Does Tesco PLC’s (LON:TSCO) June Stock Price Reflect Its Future Growth?

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Tesco PLC (LON:TSCO) is considered a high growth stock. However its last closing price of £2.251 left investors wondering whether this growth has already been factored into the share price. Below I will be talking through a basic metric which will help answer this question.

View our latest analysis for Tesco

Has the TSCO train has slowed down?

Investors in Tesco have been patiently waiting for the uptick in earnings. If you believe the analysts covering the stock then the following year will be very interesting. Expectations from 15 analysts are bullish with earnings per share estimated to rise from today’s level of £0.136 to £0.208 over the next three years. This indicates an estimated earnings growth rate of 12% per year, on average, which signals a market-beating outlook in the upcoming years.

Is TSCO available at a good price after accounting for its growth?

Stocks like Tesco, with a price-to-earnings (P/E) ratio of 16.49x, always catch the eye of investors on the hunt for a bargain. In isolation, this metric can be a bit too simplistic but in comparison to benchmarks, it tells us that TSCO is overvalued compared to the GB market average ratio of 15.96x , and undervalued based on its latest annual earnings update compared to the Consumer Retailing average of 19.07x .

LSE:TSCO Price Estimation Relative to Market, June 4th 2019
LSE:TSCO Price Estimation Relative to Market, June 4th 2019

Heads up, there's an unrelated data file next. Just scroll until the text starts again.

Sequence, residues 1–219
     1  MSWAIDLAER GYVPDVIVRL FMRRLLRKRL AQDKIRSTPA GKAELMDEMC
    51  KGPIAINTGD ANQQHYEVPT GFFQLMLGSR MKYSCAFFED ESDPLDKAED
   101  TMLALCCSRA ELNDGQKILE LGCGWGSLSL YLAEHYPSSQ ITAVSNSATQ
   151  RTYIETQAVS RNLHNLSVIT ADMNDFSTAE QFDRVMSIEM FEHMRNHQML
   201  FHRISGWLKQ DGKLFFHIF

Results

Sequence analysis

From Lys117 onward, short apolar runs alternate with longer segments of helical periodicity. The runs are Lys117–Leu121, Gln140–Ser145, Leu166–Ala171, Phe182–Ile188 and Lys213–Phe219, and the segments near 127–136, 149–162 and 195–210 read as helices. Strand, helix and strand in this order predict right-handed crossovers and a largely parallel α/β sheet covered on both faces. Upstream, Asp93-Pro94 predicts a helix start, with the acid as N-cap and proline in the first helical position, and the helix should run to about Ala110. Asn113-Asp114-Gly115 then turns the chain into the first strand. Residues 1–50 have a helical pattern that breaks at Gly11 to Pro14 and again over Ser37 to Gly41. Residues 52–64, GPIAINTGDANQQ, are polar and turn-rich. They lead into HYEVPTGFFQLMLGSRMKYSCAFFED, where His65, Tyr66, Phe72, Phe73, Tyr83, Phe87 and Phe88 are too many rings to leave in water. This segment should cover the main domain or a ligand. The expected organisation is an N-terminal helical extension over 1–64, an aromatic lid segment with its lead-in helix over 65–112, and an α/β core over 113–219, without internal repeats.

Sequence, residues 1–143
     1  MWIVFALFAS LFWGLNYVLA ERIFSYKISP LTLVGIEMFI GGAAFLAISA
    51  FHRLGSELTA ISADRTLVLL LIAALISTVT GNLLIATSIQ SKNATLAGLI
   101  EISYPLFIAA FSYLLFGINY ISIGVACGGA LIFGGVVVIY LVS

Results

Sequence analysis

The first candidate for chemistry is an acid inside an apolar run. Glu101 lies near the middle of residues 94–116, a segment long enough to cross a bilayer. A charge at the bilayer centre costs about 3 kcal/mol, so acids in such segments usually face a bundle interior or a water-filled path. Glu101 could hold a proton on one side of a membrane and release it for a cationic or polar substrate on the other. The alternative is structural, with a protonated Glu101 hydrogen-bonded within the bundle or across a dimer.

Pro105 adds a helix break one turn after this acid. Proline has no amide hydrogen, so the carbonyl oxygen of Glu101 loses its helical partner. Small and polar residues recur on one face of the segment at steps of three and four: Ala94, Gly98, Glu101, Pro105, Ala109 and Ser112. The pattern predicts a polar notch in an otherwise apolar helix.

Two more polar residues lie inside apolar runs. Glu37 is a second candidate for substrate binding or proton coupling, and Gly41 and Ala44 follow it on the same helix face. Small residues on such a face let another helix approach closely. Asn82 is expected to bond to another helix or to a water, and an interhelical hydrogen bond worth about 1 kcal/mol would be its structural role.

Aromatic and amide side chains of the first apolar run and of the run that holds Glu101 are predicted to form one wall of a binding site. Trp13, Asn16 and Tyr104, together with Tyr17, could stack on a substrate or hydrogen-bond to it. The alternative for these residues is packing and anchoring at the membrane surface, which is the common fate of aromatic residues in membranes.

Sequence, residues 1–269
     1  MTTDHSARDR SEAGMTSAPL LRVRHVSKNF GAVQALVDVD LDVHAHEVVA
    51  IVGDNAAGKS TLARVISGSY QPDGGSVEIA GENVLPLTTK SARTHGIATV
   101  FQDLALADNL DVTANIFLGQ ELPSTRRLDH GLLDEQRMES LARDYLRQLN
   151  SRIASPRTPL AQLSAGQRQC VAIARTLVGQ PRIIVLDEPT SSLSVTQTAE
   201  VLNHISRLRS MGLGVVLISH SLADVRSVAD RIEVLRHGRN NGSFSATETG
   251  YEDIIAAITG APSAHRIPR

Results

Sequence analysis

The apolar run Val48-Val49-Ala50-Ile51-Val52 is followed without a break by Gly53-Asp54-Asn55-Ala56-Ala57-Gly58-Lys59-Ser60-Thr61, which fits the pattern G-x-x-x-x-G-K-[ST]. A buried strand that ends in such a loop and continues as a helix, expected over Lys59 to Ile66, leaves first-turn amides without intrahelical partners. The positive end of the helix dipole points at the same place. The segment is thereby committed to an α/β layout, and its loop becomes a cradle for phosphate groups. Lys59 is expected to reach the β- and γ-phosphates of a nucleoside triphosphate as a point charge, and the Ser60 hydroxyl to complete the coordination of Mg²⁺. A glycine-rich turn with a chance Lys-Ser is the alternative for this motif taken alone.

Tesco’s price-to-earnings ratio stands at 16.49x, which is low, relative to the industry average. This already suggests that the stock could be undervalued. However, to be able to properly assess the value of a high-growth stock such as Tesco, we must incorporate its earnings growth in our valuation. The PEG ratio is a great calculation to take account of growth in the stock’s valuation. A PE ratio of 16.49x and expected year-on-year earnings growth of 12% give Tesco a higher PEG ratio of 1.43x. This tells us that when we include its growth in our analysis Tesco’s stock can be considered slightly overvalued , based on fundamental analysis.

What this means for you:

TSCO’s current overvaluation could signal a potential selling opportunity to reduce your exposure to the stock, or it you’re a potential investor, now may not be the right time to buy. However, basing your investment decision off one metric alone is certainly not sufficient. There are many things I have not taken into account in this article and the PEG ratio is very one-dimensional. If you have not done so already, I highly recommend you to complete your research by taking a look at the following:

  1. Financial Health: Are TSCO’s operations financially sustainable? Balance sheets can be hard to analyze, which is why we’ve done it for you. Check out our financial health checks here.
  2. Past Track Record: Has TSCO been consistently performing well irrespective of the ups and downs in the market? Go into more detail in the past performance analysis and take a look at the free visual representations of TSCO’s historicals for more clarity.
  3. Other High-Performing Stocks: Are there other stocks that provide better prospects with proven track records? Explore our free list of these great stocks here.

We aim to bring you long-term focused research analysis driven by fundamental data. Note that our analysis may not factor in the latest price-sensitive company announcements or qualitative material.

If you spot an error that warrants correction, please contact the editor at editorial-team@simplywallst.com. This article by Simply Wall St is general in nature. It does not constitute a recommendation to buy or sell any stock, and does not take account of your objectives, or your financial situation. Simply Wall St has no position in the stocks mentioned. Thank you for reading.